Stephen Hawking: It's super-wealthy technology-owners, not robots, that we should really fear

 
Sarah Spickernell
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The scientist expects inequality to soar as robot-owners gain more wealth
The scientist expects inequality to soar as robot-owners gain more wealth (Source: Getty)

Robots stealing your job are the least of your worries, Stephen Hawking has said - it's the humans who own them that pose the biggest threat.

Hawking, who has in the past warned against the emergence of Artificial Intelligence, claims that "automated machines" are not in themselves the biggest problem facing a cohesive society and healthy economy.

During an "Ask Me Anything" session on Reddit yesterday said the humans behind these machines were the biggest risk, as they stand to accumulate wealth very quickly and may not be willing to share it.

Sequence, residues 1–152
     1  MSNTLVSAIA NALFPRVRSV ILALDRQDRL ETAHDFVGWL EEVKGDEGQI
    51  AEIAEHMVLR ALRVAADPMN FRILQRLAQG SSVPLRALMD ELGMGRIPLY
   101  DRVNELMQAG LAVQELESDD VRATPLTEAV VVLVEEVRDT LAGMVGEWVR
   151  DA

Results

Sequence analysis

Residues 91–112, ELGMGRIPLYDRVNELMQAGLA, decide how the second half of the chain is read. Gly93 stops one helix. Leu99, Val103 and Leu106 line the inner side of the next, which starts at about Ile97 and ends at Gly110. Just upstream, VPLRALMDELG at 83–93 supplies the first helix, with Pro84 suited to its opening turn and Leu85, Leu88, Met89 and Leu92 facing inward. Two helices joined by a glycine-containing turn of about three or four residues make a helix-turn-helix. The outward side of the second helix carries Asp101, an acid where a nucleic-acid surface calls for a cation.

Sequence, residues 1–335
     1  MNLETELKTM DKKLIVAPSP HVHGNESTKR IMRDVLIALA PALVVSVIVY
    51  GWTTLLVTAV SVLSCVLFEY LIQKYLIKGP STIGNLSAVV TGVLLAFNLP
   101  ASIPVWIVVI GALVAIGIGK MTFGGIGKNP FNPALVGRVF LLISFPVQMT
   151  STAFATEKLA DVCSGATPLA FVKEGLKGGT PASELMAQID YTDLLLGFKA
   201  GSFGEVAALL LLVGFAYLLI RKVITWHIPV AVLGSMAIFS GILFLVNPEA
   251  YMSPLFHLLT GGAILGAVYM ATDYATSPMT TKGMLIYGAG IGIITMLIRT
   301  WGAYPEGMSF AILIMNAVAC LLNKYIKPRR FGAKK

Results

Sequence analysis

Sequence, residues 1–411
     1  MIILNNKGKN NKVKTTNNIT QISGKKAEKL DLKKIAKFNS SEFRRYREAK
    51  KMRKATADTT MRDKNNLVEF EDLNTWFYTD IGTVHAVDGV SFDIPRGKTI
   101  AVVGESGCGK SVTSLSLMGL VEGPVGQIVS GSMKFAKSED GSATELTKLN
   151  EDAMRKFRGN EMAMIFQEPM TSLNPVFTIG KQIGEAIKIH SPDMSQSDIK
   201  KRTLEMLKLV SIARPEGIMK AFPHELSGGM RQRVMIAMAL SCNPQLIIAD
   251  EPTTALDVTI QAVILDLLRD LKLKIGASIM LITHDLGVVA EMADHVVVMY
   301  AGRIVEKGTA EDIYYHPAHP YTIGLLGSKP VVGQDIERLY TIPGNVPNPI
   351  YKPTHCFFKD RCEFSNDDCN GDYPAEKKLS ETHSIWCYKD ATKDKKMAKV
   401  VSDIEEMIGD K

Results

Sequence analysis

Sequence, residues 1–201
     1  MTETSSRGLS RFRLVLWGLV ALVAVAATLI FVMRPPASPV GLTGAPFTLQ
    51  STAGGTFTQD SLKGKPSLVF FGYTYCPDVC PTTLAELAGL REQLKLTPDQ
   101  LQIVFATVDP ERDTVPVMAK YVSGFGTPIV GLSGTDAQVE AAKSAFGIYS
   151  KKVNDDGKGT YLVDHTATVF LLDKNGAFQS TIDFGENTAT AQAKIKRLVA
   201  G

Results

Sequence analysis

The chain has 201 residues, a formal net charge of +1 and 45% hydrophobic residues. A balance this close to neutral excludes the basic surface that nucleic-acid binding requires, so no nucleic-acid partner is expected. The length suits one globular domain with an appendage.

Read more: A robot might steal your job, but it can never take your humanity

This, he said, has the potential to cause inequality to soar:

If machines produce everything we need, the outcome will depend on how things are distributed. Everyone can enjoy a life of luxurious leisure if the machine-produced wealth is shared, or most people can end up miserably poor if the machine-owners successfully lobby against wealth redistribution.

So far, the trend seems to be toward the second option, with technology driving ever-increasing inequality.

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